The purpose of this paper is to discuss recent dynamics of the Brazilian labour market, by analysing occupational mobility patterns, specially the transitions between formal and informal labour, and verify the earnings mobility resulting from these transitions, separately by gender.

Design/methodology/approach

The changes in the mobility patterns are analysed by performing an estimation of the transition probabilities between different occupational status between 2002 and 2012, using a multinomial logit model and the microdata from the Monthly Employment Survey (PME). The earnings mobility is analysed by using quantile regressions.

Findings

The results indicate a high degree of mobility from unemployment to formal employment in the period but suggest the persistence of mobility patterns. Women are better off in the period, but only among individuals with better attributes. The earnings mobility results, for women and men, suggest an increase in valuation of the formal labour relatively to informality (informal salaried employment and self-employment), especially at the bottom of the earnings distribution.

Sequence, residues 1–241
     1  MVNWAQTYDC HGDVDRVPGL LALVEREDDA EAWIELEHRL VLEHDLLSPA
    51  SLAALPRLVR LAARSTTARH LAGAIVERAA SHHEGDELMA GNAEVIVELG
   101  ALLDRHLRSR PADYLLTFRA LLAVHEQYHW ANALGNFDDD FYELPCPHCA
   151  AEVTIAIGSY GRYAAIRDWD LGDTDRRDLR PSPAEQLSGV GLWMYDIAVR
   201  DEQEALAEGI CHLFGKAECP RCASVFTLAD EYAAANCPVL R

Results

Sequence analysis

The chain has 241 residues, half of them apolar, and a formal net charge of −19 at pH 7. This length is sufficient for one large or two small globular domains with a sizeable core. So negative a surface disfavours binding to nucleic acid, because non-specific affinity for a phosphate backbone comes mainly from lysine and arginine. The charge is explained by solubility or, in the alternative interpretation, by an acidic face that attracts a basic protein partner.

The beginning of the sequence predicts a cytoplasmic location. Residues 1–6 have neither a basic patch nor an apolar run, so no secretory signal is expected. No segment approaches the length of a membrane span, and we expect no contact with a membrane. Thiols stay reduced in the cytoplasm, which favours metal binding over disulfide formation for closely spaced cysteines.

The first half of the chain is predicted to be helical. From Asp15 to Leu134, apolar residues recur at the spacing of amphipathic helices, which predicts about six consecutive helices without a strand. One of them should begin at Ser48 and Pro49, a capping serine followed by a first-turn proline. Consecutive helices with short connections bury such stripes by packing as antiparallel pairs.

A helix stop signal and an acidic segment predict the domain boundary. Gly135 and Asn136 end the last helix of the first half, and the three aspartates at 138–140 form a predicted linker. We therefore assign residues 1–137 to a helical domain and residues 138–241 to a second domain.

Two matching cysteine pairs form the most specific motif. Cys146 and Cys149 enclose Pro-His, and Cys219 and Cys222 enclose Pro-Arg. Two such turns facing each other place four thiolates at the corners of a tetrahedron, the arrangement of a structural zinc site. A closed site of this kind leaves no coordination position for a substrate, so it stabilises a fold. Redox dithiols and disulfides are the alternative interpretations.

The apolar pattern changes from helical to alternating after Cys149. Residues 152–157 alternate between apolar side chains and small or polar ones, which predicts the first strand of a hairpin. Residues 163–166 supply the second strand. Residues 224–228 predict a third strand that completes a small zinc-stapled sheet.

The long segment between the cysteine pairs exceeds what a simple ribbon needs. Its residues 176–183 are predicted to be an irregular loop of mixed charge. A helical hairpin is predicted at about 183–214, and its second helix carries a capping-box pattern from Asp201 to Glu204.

Originality/value

The paper contributes to a better understanding of recent changes in occupational mobility patterns between formal and informal labour and the earnings mobility underlying these patterns, accounting for the differences along the earnings distribution and gender issues. That is, it allows identify which groups of workers benefited more from the formalisation process to infer about trends in formal–informal dynamics over the period and discuss the challenges in conducting policies to promote inclusive and quality employment.

Details

International Journal of Development Issues, vol. 17 no. 1
Type: Research Article
ISSN: 1446-8956

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Article

Ron Dekker, Andries de Grip and Hans Heijke

This paper analyses the effects of both training and overeducation on upward mobility in the internal labour market, the professional market and the “supplementary labour

Abstract